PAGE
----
DR. LAZIEH: Those who were intentional about losing weight engaged in sports, adopted regular exercise schedules and limited their diets. Most used calorie- and portion-restricted diets and some went as far as using programs like Weight Watchers.
BERGEN: The op-ed piece in The Times implied a range of opinion: extreme vigilance against the slightest excess in BMI on one end, resolute rejection of “fat-shaming” on the other. Where should parents be on this continuum?
DR. JAWETZ: I think the author misinterpreted what the AAP guidelines are saying. They’re not trying to shame anyone for how they look, or recommending an automatic jump to medicalizing the treatment of obesity. They’re saying we need to make an increased effort to work with families to help these children lose weight—primarily through intensive lifestyle management and intervention. Unfortunately, in the medical system as it exists, it’s very hard to do that because functionally what they’re recommending as intensive lifestyle modification would require 26 visits over a year, which in a general pediatrics practice is virtually impossible, both for the physician and for the family—and probably wouldn’t be covered by insurance. Some plans do cover a nutritionist, and there may be a chance to work with a nutritionist and a personal trainer. But that assumes a family has the resources to do this, because it’s expensive. For families who don’t have the resources, that kind of lifestyle modification is unfortunately very difficult.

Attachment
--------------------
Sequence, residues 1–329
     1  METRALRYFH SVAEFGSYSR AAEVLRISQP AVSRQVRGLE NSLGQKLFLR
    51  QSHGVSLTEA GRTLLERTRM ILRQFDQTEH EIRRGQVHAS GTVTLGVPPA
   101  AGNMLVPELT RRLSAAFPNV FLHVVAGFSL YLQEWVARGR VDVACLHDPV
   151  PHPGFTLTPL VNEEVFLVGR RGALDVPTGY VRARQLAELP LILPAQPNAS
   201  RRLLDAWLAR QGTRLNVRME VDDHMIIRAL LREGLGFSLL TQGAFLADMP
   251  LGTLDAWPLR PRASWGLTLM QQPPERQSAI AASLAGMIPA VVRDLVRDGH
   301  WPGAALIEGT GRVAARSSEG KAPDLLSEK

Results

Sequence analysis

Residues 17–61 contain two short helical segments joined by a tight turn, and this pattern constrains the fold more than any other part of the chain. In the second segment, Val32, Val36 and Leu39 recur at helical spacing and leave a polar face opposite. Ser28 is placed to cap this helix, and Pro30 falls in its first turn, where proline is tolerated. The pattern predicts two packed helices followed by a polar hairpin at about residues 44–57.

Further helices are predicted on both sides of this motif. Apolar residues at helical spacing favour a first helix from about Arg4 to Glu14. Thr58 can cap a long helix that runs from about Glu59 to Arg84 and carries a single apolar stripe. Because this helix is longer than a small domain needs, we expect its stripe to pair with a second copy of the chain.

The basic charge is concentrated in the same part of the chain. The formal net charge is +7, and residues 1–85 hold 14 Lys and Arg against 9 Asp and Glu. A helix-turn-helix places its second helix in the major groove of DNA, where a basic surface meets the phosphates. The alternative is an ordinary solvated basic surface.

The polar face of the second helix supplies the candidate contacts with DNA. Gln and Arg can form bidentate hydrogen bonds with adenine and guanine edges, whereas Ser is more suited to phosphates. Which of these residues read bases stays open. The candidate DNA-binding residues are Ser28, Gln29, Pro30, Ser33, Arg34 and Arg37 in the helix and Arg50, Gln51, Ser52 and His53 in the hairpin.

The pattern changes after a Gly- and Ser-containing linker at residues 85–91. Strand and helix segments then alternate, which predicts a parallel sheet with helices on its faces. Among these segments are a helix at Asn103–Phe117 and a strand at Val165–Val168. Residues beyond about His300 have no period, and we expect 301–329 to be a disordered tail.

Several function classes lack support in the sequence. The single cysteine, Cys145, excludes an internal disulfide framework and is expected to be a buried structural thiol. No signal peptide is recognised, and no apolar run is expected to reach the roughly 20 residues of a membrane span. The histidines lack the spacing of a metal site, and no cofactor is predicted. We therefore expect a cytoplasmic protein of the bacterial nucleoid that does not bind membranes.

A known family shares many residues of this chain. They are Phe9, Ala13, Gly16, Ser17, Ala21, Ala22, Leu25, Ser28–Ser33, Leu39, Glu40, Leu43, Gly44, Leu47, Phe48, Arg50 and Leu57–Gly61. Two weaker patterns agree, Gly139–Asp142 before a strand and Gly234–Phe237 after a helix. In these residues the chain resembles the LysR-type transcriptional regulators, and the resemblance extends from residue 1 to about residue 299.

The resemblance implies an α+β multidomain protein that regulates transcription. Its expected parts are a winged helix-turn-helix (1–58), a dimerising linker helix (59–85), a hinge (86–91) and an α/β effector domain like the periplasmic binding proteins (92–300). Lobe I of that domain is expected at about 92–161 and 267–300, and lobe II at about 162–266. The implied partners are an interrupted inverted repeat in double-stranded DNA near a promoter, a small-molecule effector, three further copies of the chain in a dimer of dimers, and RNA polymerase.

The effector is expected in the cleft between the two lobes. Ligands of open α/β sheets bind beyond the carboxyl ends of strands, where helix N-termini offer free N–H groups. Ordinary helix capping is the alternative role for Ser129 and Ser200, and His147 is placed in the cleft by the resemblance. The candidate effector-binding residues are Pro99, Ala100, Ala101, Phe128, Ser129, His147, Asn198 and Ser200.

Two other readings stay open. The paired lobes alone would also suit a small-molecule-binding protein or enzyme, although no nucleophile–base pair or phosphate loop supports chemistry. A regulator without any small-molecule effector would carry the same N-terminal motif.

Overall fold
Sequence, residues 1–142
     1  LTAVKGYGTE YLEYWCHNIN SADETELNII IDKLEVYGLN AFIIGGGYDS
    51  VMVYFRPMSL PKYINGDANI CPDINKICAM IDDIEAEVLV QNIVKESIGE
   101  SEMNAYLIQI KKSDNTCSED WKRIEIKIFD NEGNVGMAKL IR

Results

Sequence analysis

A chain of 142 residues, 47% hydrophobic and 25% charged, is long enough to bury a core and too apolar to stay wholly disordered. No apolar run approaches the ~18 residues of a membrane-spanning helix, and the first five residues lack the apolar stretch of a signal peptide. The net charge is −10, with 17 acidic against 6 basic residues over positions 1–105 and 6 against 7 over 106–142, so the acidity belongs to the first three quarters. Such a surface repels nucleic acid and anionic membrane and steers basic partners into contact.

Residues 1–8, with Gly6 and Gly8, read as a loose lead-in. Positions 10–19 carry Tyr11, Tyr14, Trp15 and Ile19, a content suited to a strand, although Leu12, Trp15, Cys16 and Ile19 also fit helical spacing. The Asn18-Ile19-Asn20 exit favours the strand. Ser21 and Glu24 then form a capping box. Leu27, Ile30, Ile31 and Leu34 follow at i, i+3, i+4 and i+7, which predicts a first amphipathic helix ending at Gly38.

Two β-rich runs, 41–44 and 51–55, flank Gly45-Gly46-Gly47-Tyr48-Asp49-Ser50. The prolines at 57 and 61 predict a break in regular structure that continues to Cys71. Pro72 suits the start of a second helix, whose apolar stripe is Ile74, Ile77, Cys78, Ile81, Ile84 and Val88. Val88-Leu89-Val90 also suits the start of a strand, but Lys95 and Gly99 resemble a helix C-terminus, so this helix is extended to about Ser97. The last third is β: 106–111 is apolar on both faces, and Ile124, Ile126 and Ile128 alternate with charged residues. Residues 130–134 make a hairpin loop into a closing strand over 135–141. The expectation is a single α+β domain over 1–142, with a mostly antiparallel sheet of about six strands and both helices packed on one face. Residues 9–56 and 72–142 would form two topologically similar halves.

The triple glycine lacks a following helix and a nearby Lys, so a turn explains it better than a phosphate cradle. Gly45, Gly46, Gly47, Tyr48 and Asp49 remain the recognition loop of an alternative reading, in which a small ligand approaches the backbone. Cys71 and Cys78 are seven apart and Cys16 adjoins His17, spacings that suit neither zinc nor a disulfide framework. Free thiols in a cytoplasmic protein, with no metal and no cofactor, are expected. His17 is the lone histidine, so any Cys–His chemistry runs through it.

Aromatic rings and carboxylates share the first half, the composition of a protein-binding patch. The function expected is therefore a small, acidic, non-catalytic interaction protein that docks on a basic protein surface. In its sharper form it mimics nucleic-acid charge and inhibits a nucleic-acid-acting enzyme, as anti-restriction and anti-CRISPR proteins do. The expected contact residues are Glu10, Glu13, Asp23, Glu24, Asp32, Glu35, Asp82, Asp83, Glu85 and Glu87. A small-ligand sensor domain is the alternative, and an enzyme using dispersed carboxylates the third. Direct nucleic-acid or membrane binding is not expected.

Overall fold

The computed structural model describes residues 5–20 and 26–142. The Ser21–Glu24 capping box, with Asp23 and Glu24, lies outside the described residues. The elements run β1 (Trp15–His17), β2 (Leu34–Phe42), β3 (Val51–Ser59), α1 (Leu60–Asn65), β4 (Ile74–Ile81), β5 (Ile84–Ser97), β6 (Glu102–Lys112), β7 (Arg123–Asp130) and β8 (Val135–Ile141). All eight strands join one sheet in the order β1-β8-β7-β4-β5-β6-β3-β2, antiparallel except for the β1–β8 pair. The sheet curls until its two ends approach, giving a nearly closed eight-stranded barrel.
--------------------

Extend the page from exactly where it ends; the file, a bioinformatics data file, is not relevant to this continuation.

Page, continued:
BERGEN: Do you have patients who have been bullied and “fat-shamed” by peers?
DR. LAZIEH: Absolutely. We see anxiety levels increasing, and there can be a lot of embarrassment tied to body image. This is true for both boys and girls. Unfortunately, we sometimes also encounter resistance to lifestyle changes. “I tried all that,” they’ll say. “It’s not working. I’m not going to bother.” But the motivation really has to come from the child. If they are not convinced to change their habits, there is little benefit to lecturing.
DR. JAWETZ: To go back to BMI, my attitude has evolved over time. When I started in practice I went more by “the letter of the law.” I was more apt to bring it up with a child who had a BMI over, say, the 85th percentile, the AAP’s boundary of “normal.” But as I’ve gained more experience as a pediatrician and read more studies, it has become obvious to me that the BMI is nowhere near a perfect tool.
BERGEN: Bariatric weight-loss surgery is described as an option, but it seems an extreme remedy for kids.
DR. LAZIEH: They’re saying it can start at age 13, and I respect the AAP guideline. But honestly, I feel that we should really push for the conventional way before discussing surgery and drastic, irreversible changes. At 13, children are still growing.
DR. JAWETZ: I don’t think I’ve ever had a patient who’s actually had bariatric surgery. I think it should be a last option when everything else has failed. If a parent and child were interested, would I discuss it and refer them to a place that did it? Absolutely— especially because all the expert organizations seem to endorse it. But I wouldn’t push it.
BERGEN: They say it’s no substitute for a changed lifestyle, because you have to do that anyway.